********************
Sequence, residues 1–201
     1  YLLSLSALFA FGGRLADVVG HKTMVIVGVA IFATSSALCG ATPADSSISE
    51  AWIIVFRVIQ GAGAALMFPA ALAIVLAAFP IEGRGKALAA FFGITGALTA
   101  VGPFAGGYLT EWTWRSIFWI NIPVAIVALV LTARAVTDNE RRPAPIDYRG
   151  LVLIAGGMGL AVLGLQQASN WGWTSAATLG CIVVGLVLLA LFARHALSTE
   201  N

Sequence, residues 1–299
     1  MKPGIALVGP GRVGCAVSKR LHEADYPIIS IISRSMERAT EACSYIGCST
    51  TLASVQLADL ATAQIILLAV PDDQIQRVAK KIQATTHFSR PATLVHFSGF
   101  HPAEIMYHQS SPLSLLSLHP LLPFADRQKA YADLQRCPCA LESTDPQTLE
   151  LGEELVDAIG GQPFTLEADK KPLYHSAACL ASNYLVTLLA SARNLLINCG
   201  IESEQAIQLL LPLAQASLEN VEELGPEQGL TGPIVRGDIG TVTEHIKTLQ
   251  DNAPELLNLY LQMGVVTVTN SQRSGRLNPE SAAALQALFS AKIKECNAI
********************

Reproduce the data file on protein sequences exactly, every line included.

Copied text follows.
Sequence, residues 1–201
     1  YLLSLSALFA FGGRLADVVG HKTMVIVGVA IFATSSALCG ATPADSSISE
    51  AWIIVFRVIQ GAGAALMFPA ALAIVLAAFP IEGRGKALAA FFGITGALTA
   101  VGPFAGGYLT EWTWRSIFWI NIPVAIVALV LTARAVTDNE RRPAPIDYRG
   151  LVLIAGGMGL AVLGLQQASN WGWTSAATLG CIVVGLVLLA LFARHALSTE
   201  N

Sequence, residues 1–299
     1  MKPGIALVGP GRVGCAVSKR LHEADYPIIS IISRSMERAT EACSYIGCST
    51  TLASVQLADL ATAQIILLAV PDDQIQRVAK KIQATTHFSR PATLVHFSGF
   101  HPAEIMYHQS SPLSLLSLHP LLPFADRQKA YADLQRCPCA LESTDPQTLE
   151  LGEELVDAIG GQPFTLEADK KPLYHSAACL ASNYLVTLLA SARNLLINCG
   201  IESEQAIQLL LPLAQASLEN VEELGPEQGL TGPIVRGDIG TVTEHIKTLQ
   251  DNAPELLNLY LQMGVVTVTN SQRSGRLNPE SAAALQALFS AKIKECNAI